The and mathematics workforce will maximize innovation, creativity, and

                        The science, technology, engineering and
medical (STEM) community plays an important role in today’s society. Governments
in developed and developing countries recognize the importance of increasing the
STEM sphere. In the article written by Kelly Peaton on March 2, 2016 said that “President Barack Obama has said that science and innovation are keys to the country’s
economy and that offering more opportunities for Americans to gain related
skills can help create jobs.”
The
role of men and women has changed drastically in today’s society. Women have
got more freedom to express themselves, take active part in the development of
STEM, despite the fact that there still exists discrimination because of lack
of academic publishing, opportunity inequalities, unequal earnings and negative
stereotypes.

                  According to UIS (UNESCO INSTITUTE FOR
STATISTICS) data, women make up less than 30% of the people working in science,
technology, engineering and medical jobs worldwide. “Additionally, women have seen no employment growth in STEM
jobs since 2000” (Huhman,). Scientists
and engineers are working to solve some of the difficult challenges that we
face daily. When women are not involved in science and engineering,
experiences, needs, and desires that are unique to women they may be
overlooked.

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These overlooked issues can be overcome
by many ways—creating programs that will encourage women to study technology,
offer more scholarships, organize workshops, open more women engineering clubs,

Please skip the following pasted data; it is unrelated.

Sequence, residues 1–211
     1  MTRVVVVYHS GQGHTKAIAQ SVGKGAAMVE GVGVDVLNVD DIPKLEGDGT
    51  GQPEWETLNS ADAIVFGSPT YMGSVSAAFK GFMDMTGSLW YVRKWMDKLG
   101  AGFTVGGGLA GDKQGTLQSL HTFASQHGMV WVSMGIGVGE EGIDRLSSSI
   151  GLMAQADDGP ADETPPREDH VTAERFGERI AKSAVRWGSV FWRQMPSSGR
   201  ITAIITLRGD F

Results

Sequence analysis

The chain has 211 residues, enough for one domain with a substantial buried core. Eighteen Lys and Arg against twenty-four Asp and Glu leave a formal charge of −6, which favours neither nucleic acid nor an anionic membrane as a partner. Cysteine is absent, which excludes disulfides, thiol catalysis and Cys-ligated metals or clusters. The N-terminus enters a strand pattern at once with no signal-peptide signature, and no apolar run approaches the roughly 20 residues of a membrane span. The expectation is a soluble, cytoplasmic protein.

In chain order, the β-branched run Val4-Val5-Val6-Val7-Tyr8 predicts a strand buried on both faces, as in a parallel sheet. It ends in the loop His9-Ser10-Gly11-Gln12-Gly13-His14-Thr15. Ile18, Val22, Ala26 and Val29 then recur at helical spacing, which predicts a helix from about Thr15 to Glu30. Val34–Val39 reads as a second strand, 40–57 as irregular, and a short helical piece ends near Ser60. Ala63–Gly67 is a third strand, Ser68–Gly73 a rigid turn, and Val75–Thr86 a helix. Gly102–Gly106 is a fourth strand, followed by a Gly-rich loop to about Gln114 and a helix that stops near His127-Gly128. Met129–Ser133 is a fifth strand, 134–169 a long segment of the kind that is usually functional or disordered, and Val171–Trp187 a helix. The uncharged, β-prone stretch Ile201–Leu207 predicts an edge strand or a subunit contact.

give talks about the history of women’s success in past and present will  help women to understand the importance of
STEM community and empower them to jump to the field. Engaging and retaining more women in the science, technology,
engineering, and mathematics workforce will maximize innovation, creativity,
and competitiveness.

The
article written by Carolyn Conner
Seepersad on Oct 17, 2016 said that “the simplest and most effective things we can do
differently is something as simple as richer storytelling.” Using the power of
storytelling helped her to raise the proportion of women in undergraduate
engineering program from 17 percent to more than 22 percent which was double
the national average (Seepersad).  It can
be concluded from her article that the power of storytelling gives young women a
hope to do something new that they are capable of, help them to build their own
perspective thinking, a network to reconnect people with whom they can share
their own ideas and thoughts.

              Stereotypes are appearing as one of the biggest hurdles that impact
the women’s participation in school and University. Women’s graduating with a Bachelor
degree is less as compared to men. They have less academic success. They are
socially constrained from a young age to have domestic aspirations such as
becoming wife and mother. And by chance if they show their interest or excel in
these fields they will be labeled as unfeminine. Another big disparity between
men and women in STEM careers is difficulty of balancing work life and private
life. However, many women have proven in other fields that having family and successful
career is possible. Women do face these negative stereotypes but sometimes they
also encountered violence. For example, in 1989 a gunman killed 14 engineering
women student in Montreal, Canada because of the fact that they all were
women’s and science is not meant for them.

                    These initiatives will
support and encourage women to participate in the STEM community from a younger
age and also help them to develop a broader understanding of the field and to
become better engineers. Although achieving gender equality cannot be done
overnight, we as young women can dedicate
ourselves to change the rules and stereotypes that inhibit us from tapping into
our true potential.